Finding fault with the Academy Awards’ Oscar nominations is kinda like getting pissed about the even more clueless Grammy nominations — discerning “aficionados” don’t take either seriously as arbiters of what’s truly “the best” in each medium. This year’s nominations, announced earlier this morning, are another mixed bag — some nominees are deserving of nods, many others are not. —-
David Fincher’s The Curious Case of Benjamin Button is the kind of epic, star-laden fare the Academy drools over, thus its 13 nominations come as only a mild surprise. For the record, I found Fincher’s latest a curiously conventional move for a guy whose Fight Club was once called a “danger to society” and whose previous film, Zodiac, actually was one of the best films of its year (2007). Button is anything but dangerous — think a slightly less sentimental, more subtly constructed version of Forrest Gump (appropriately, Eric Roth wrote — and was nominated for — the screenplay for both). Brad Pitt owes his Best Actor nomination — and several cocktails — to the seamless work of Button’s impressive special effects and make-up departments.
The rest of the Best Actor category is filled with heavyweight performances — Richard Jenkins in The Visitor, Frank Langella in Frost/Nixon, Sean Penn in Milk and Mickey Rourke in The Wrestler. All four are richly deserving, but Penn and Rourke have to be the favorites. Maybe they can fight over it.
I’m mostly cool with the female nominees — especially Melissa Leo in the under-seen Frozen River — even if many are perplexed by Kate Winslet’s nod for her role in The Reader instead of her equally strong performance in Revolutionary Road. (Could it be the Weinstein effect?) The big omission was Sally Hawkins in Happy-Go-Lucky — a better film than anything up for Best Picture, and which only received an Original Screenplay nod for writer/director Mike Leigh.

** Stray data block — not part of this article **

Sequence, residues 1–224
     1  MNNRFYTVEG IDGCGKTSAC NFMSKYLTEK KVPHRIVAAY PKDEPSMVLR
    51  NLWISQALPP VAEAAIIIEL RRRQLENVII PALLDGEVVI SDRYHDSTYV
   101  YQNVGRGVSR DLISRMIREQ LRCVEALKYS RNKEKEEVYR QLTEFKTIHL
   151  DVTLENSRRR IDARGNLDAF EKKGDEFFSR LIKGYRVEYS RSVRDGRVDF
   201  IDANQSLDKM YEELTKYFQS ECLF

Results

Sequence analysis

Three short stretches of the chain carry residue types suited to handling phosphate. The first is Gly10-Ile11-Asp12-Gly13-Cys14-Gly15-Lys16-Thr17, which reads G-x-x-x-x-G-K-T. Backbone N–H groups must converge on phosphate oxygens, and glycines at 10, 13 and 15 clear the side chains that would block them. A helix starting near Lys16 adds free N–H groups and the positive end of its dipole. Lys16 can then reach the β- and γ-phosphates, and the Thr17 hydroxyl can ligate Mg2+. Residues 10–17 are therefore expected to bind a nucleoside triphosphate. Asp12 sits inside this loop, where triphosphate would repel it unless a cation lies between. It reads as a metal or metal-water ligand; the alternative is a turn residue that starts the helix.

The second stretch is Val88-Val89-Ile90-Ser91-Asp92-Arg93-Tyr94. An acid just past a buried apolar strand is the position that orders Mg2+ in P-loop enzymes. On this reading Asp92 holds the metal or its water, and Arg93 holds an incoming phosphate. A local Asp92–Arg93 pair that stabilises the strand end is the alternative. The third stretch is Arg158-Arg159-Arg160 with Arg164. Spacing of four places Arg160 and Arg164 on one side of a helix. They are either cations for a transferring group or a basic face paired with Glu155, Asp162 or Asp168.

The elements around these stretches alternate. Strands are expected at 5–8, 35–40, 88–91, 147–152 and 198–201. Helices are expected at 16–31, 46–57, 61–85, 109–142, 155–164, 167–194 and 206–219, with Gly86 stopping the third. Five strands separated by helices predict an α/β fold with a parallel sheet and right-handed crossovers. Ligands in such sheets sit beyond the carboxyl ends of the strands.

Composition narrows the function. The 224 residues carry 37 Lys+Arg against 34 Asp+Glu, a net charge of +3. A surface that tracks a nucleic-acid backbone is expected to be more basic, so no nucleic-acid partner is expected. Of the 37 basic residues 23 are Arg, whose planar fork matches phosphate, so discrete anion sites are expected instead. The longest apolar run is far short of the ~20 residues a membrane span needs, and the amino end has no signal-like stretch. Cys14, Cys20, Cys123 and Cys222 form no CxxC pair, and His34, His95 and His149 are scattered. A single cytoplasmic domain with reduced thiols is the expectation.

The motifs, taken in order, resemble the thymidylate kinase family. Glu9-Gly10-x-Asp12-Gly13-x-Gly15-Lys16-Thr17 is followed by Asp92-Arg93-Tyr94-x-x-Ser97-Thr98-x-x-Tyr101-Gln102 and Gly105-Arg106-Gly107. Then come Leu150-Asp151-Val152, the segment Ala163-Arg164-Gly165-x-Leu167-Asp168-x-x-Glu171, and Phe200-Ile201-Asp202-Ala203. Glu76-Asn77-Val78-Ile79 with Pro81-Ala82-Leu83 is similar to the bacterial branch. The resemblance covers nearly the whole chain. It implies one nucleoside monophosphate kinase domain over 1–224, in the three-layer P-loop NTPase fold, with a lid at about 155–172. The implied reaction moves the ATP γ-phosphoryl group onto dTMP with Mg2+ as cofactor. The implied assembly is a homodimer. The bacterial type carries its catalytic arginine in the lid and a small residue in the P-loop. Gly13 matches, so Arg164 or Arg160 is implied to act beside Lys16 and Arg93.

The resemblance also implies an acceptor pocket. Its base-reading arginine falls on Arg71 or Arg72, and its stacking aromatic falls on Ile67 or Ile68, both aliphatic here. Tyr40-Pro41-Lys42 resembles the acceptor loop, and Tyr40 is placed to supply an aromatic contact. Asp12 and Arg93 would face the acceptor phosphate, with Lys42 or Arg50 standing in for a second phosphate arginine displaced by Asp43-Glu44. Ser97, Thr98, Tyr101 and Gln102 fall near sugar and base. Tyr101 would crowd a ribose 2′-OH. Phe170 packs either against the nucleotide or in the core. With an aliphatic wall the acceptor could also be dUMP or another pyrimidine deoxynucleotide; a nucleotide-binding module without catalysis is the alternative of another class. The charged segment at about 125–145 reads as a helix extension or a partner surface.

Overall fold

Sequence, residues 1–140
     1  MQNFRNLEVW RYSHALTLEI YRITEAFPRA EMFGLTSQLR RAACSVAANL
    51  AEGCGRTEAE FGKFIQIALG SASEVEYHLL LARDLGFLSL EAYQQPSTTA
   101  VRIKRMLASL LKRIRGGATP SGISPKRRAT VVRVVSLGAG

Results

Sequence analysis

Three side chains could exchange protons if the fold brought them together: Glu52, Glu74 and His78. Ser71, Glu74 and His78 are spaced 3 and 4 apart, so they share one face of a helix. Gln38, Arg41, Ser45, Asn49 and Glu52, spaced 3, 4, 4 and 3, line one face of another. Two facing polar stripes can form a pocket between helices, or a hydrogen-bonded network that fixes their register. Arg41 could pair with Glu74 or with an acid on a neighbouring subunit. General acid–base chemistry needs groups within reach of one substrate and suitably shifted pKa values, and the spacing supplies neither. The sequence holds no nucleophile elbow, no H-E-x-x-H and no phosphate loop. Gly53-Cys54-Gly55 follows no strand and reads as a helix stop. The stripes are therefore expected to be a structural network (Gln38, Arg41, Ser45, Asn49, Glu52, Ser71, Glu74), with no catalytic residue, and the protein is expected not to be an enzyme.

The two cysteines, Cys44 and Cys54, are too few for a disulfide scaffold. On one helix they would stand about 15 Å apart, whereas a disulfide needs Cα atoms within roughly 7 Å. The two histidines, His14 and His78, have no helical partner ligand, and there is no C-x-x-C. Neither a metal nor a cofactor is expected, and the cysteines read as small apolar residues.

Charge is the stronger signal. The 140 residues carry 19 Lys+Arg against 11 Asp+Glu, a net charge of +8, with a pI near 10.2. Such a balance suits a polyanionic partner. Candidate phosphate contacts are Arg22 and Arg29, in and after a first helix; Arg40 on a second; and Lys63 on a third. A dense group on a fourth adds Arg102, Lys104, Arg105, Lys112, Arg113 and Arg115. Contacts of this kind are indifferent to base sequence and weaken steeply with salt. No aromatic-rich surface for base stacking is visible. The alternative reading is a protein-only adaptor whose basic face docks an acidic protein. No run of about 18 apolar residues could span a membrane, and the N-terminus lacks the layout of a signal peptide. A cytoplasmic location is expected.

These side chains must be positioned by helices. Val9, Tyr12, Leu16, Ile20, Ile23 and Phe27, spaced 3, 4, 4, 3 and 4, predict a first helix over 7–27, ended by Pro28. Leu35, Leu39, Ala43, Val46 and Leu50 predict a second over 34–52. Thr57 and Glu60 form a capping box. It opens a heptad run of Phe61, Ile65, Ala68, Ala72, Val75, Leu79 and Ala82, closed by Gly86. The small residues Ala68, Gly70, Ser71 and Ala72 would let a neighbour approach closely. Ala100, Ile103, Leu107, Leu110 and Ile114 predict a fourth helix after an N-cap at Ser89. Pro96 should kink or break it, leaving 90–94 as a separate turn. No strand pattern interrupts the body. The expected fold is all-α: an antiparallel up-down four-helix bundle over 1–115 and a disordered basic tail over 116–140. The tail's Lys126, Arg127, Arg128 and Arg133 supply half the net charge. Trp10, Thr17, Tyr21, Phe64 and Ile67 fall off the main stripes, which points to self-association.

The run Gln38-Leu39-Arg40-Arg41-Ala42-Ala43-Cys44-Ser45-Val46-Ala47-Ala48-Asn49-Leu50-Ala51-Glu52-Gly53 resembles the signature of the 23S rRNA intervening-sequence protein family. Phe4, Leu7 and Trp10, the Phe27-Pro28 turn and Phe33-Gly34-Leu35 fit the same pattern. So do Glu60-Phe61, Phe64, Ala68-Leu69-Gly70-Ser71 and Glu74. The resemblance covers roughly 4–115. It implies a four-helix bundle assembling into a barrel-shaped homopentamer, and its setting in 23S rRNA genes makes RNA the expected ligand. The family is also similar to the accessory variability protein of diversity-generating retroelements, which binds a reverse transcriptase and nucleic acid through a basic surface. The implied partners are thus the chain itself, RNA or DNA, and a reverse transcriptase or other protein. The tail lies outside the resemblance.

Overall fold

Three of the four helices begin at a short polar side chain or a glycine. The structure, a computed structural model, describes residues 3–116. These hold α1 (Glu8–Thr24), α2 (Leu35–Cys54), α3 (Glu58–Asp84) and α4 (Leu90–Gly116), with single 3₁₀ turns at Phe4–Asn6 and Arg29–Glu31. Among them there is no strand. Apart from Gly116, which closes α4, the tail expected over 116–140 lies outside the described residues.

The Reader for Best Picture is probably the biggest surprise of the lot. (Yes, even more than the omission of The Dark Knight; Heath Ledger did get a nod for Best Supporting Actor). The least distinguished of the five nominees (which also includes the aforementioned Benjamin Button, as well as Frost/Nixon, Milk and Slumdog Millionaire), Stephen Daldry’s latest is an uneven, often vexing drama most notable for Winslet’s affecting, surprisingly restrained lead performance. I guess its mondo-egoed producer, Harvey Weinstein, still has the ear (and probably more) of someone at the Academy.
Doubt is a mediocre film, thus its three acting nods (Meryl Streep, Amy Adams and Philip Seymour Hoffman) weren’t enough to garner a Best Picture nomination.
I was happy to see Gus Van Sant’s Milk get some love — eight nominations — even if it’s not as good as his other film (Paranoid Park) this year.
And Slumdog Millionaire — Danny Boyle’s deftly constructed, slightly overrated feel-good contraption — just keeps on chugging, picking up 10 nominations, almost all of which are on the technical side.